Reality Asylum recently won the title of Best No Wave Violation of Personal Space in the Best of The Bay awards.  I’d like to take this opportunity to award them their “Most Likely to Appear in Radical Beat” award for the year also.  Moog manipulator Ricky begins by dedicating the set today to a friend of theirs, MJ, a longtime roadie and Jannus employee who passed earlier in the day (R.I.P. to him).  I was shocked just a little while before getting here to learn that Tampa Bay had also lost Sydney Eastman, a too-young activist for immigrant rights and sex workers rights that I met a few months ago at the Tampa Occupy ICE camp.  Fucking shit state of affairs, it is.  Eastman would no doubt have respected singer Lauren’s shameless sexuality owning, and with the excitement of their new accolade she seems to be pushing the wild furniture climbing to a new level.  You want to abandon a beer? Well fuck that beer. You like smoking in here? Fuck that full ashtray. You want to go watch Iron Reagan? Well we will make it as difficult to pull yourself away as possible.  New material is starting to sneak into the Reality Asylum setlists, like the squelchy Prodigy-esque number Strangler Gloves, and despite listening to them a bunch this year I remain excited to see what they have coming up.

The entire floorspace of Fubar is a human blender of protein as Iron Reagan begin their performance.  The lack of room relegates me to the backside of the stage, where I get a very good view of bassist Rob Skotis’s arse, and damn near all the band’s backsides.  Considering we are living through what the layperson might call “the arse end of Reaganomics” (the neoliberal zombie staggering on 10 years post-crisis), it seems perfectly appropriate, and besides, not seeing Iron Reagan’s faces makes them about 0% less fun to watch.  It’s a fucking blast, whether screaming Fuck The Neighbors with 150 adrenaline junkies or wondering if someone will take up Tony Foresta at his request that someone stage dives off the goddamn bar.  I’m so used to the arses that I’m thrown off guard when Foresta about faces, marches directly towards me and leans down to ask “Is anyone from Debt Neglector out there?,” meaning outside, where I essentially am standing.  Um, dunno mate. I didn’t really get a photographic memory of their faces when they played. Nice to see you have a Siberian Meat Grinder shirt on though.  Covers include Aus-Rotten’s Fuck Nazi Sympathy and something by Cannibal Corpse, received by the human protein with the same excitement as all of Iron Reagan’s own catalogue.  As the waves of people careen all over the place I’m inclined to ask myself WHY DID YOU WEAR SANDALS YOU DAFT FUCKING HIPPY?  Even crossover thrash fan Jesus Christ is wearing sensible boots!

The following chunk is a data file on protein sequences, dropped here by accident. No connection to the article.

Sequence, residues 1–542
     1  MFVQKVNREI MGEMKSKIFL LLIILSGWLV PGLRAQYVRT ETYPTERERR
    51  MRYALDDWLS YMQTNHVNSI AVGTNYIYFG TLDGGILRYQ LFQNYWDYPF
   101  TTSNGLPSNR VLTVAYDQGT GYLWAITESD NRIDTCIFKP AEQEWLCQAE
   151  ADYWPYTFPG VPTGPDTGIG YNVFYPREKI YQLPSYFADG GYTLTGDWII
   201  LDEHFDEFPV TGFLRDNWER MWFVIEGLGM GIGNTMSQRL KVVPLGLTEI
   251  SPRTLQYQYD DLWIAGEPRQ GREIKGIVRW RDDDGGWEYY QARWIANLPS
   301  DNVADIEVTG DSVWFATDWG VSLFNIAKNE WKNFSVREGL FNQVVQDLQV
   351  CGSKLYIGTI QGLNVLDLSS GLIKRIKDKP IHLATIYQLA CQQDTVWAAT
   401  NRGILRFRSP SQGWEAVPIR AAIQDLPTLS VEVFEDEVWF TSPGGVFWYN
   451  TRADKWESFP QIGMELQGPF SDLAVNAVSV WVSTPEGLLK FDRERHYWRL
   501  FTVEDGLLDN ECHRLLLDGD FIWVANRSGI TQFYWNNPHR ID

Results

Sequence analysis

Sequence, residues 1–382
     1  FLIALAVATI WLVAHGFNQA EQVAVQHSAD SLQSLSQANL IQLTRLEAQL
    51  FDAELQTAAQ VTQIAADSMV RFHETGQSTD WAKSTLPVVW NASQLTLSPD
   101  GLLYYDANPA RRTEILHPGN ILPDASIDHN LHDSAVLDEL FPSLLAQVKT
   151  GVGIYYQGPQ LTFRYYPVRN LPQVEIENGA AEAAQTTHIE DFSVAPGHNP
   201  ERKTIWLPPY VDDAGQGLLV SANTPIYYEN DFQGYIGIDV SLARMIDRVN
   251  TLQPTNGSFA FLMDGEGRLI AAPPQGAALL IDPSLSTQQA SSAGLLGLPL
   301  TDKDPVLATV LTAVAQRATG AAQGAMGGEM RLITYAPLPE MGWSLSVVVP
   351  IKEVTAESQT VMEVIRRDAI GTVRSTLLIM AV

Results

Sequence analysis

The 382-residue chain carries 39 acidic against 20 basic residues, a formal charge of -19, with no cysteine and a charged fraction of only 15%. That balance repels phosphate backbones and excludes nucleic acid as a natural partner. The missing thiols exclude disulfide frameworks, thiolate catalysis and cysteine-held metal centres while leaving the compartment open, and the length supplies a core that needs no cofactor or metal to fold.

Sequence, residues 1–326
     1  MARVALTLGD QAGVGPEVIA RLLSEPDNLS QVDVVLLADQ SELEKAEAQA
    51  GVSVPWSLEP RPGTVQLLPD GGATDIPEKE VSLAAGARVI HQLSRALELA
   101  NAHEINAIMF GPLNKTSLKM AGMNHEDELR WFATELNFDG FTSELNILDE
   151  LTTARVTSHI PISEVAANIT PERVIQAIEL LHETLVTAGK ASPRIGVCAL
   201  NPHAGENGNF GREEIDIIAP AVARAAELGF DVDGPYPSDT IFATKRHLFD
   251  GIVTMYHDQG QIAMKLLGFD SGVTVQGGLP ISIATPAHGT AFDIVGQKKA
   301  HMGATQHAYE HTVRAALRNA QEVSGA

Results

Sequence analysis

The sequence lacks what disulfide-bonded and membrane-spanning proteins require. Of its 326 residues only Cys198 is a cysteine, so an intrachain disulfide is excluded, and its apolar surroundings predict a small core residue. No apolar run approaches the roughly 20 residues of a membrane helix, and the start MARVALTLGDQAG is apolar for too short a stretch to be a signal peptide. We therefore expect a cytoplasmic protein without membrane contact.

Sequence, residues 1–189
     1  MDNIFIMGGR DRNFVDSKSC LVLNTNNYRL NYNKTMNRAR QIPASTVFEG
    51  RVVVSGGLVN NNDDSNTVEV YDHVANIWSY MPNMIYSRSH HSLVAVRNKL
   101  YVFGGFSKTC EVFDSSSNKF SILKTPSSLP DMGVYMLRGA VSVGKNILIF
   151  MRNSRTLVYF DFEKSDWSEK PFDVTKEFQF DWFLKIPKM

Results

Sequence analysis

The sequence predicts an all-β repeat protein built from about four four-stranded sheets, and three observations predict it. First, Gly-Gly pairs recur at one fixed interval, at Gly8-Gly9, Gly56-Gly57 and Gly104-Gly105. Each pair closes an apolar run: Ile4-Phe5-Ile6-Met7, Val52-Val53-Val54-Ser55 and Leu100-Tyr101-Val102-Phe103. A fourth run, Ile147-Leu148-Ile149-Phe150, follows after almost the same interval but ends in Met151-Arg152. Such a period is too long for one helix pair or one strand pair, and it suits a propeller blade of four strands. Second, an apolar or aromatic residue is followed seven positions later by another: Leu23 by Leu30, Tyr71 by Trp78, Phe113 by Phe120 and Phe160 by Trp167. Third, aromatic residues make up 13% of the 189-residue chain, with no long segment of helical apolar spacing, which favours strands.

The new Iron Reagan EP Dark Days Ahead is out October 12th on Pop Wig Records.  Hear the preview track Patronizer at Soundcloud.

Tuesday, October 2, 2018

Four Fists
6666
Doomtree, 2018

Published at Apathy & Exhaustion

During the 2000s, Apathy & Exhaustion’s tireless editor Tony was the co-owner of Roadkill Records, a punk shop haven located in a part of Manchester with a minimal amount of road traffic.  The counter there was a place to find a deep well of satisfying music talk and cynical humour, much like the website you’re reading this on. I remember a lot of conversations that I had at Roadkill, partially because my memory is weird and partly because I used to spend hours hanging around there, shaping my young mind into the knowledgeable quip organ that you’re today familiar with.  On one occasion a group of us were talking about things we liked that were outside the punk sphere, and I redirected the question towards our man Nurgle. “I don’t really like… anything.” Laughter, as Tony considers the potato lunch that we were previously discussing. “I like chips.”

Tony will probably tell you that he can respect anything that keeps it real, but as the above story suggests, his interest has always struck as more about staggering depth than unwieldy breadth.  So where did this assignment come from, a hip hop album put out by independent backpacker collective Doomtree? It quickly became clear upon first listening to 6666, or at least explainable.  The two artists that make up Four Fists, Astronautalis and P.O.S., have organic roots in the punk scene, and it shows on this album.   P.O.S. has been in hardcore bands such as Building Better Bombs, and Wharf Rats with members of Anti-Flag and Gallows (thankfully for Tony’s blood pressure, not his go-to journalistic punching bag Frank Turner).  Astronautalis had his last solo album out on SideOneDummy Records, and drops most of the mohawked easter eggs here, with references to Minor Threat, Suicidal Tendencies, Superchunk, skateboarding and Sid Vishis (but sadly, considering he’s a Florida boy in his thirties, no Hot Water Music or Against Me!).  So it’s a rap album simmering in punk seasoning: a crossover of genres that I’m considering trying to write a book on.